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The Demon Inside (2017)


Years after his release from jail, Sam Parsons is trying to build the his life with his wife Courtney and their young daughter Harper. He works hard to provide for his family and afford their beautiful home in their quiet suburban neighborhood. When supernatural occurrences start to happen in the house, Sam fears for the safety of his wife and daughter.


A young family in a house. A ghost. These are fairly trope these days. Everything from Poltergeist to Paranormal Activity. And to be honest, indie flicks tend not to fair well with them. They need exceptional direction, on point acting, everything needs to be in the right place to trip the trope and make it scary. Think: The Conjuring.

I take my hat off to you, Joey Moran. In the first act writer and director Moran (The Z Virus) creates a fiendishly good setup. From the very opening Moran's use of color and shot choice is outstanding. Protagonist, Sam Parsons is awakened by the house alarm sounding in the middle of the night. He scours the house, gun drawn, moving from the deep blues of the night to the orange hue of the lights outside. It drips style, but not only that, it draws you in - you're in the house, too - but you're not alone. After Sam's wife sees a face - a ghoul - a ghost - an entity, Sam sees something too. Moran takes fleeting shots - blink and you miss it - never giving too much away. As a horror fan, I'm squeeing a little at the excellent work.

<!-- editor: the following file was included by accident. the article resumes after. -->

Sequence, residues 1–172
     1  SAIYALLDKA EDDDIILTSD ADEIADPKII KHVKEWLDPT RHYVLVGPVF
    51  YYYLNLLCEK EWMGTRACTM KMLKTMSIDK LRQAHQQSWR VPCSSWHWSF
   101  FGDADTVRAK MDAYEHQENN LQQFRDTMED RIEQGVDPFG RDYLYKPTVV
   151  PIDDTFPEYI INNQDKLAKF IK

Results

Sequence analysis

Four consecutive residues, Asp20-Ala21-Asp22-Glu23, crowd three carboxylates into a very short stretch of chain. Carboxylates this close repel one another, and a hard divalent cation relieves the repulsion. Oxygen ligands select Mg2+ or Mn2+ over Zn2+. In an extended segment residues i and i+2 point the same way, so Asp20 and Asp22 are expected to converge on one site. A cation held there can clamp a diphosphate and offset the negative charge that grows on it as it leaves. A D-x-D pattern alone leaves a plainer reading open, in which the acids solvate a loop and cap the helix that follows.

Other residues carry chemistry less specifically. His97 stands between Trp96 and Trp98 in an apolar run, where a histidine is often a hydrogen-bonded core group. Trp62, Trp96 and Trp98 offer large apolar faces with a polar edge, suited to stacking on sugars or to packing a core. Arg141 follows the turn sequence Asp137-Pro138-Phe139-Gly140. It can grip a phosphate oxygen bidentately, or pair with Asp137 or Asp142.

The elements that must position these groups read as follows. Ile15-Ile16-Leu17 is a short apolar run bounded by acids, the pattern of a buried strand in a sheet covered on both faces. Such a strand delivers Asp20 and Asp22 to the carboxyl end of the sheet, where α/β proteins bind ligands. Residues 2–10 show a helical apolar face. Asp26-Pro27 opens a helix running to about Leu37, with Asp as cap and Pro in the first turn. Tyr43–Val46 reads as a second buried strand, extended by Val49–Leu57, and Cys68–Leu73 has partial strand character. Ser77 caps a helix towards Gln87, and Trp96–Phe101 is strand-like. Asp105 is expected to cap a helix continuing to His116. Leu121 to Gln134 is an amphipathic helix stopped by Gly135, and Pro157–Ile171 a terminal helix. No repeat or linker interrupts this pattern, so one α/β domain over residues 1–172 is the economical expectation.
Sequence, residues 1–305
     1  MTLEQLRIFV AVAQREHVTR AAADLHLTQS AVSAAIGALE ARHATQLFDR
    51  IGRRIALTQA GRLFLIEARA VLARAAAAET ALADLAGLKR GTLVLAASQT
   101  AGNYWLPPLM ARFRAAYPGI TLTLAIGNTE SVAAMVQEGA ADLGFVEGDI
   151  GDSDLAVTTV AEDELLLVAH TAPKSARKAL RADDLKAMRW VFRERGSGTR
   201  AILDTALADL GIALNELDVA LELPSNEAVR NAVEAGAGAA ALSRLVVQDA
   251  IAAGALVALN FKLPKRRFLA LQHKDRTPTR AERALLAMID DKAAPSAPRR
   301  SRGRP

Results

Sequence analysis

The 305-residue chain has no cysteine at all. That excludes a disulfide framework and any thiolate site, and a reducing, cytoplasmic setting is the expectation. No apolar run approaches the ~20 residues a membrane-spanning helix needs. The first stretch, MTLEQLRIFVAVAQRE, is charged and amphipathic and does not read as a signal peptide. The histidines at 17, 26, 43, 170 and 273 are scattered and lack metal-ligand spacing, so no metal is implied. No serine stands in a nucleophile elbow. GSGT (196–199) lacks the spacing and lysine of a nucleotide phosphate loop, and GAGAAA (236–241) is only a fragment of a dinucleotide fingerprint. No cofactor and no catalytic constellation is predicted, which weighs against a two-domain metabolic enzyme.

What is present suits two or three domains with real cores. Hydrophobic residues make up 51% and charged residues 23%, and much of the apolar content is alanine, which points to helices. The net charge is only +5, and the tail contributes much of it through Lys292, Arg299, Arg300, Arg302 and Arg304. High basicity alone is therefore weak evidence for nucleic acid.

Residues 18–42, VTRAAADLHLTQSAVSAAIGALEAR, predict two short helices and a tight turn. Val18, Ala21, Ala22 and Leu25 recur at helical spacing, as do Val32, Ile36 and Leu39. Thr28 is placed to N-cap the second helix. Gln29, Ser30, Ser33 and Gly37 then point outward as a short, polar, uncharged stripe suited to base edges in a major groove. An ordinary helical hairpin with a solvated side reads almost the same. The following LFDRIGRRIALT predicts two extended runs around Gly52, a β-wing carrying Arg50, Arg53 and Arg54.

So Sam moves his family out to a nearby motel, and calls for help.

This is where we get a bait and switch on the level Robert Rodriguez's From Dusk Til Dawn.

Trope be damned, there is no calling of the clergy, Sam calls in reality TV show, Ghost Killers. Second act: BOOM. Mind blown. And these guys are great.

In the guise of TV's *coughs* Ghost Killers is show host Corbin Carlysle, with Lance, Ray, and Brianna. Corbin is an overpowering douche, Lance, a pretty boy muscle head, Ray is more Tyler Labine than Tyler Labine is, and, well Brianna is the "attraction". But enough spoilers.

Once the second act hits, there is gore, laughs, and scares.

Taking the lead as Sam is Joseph Rene (Run), who handles the role of a long broken down man in his stride. I believed in him throughout the run time and as he grew as a character I was there with him. Long suffering wife, Courtney, played by Madeline Thelton (Big Bad) does an equally impressive job. I felt for her, and knew she was only there for her brood. Finishing the family was daughter, Harper, played by Chloe Lee. An impressive performance for such a young actor - with nothing else under her belt.

Then there is the Ghost Killers. Corbin is amazing. Timothy Talbott (Metal Heads) gleefully plays the character, ripping shreds from similar TV shows - spoofing them all the while playing him completely straight. Same goes for Crew Wyard (Murder Made Me Famous), and Grace Patterson (Texas Zombie Wars: Dallas). John Kviklys (The Z Virus) Tyler Labine's across the screen and you can't help but love him (- watch out for the shower scene!).

Overall the film punches way above it's weight in terms of look - it feels high budget - but has the freedom that only indie film has to tell its story in its own way.

And it is glorious. A must see, and definite contender for Dead Celluloid's Best Indie Film Award this year.

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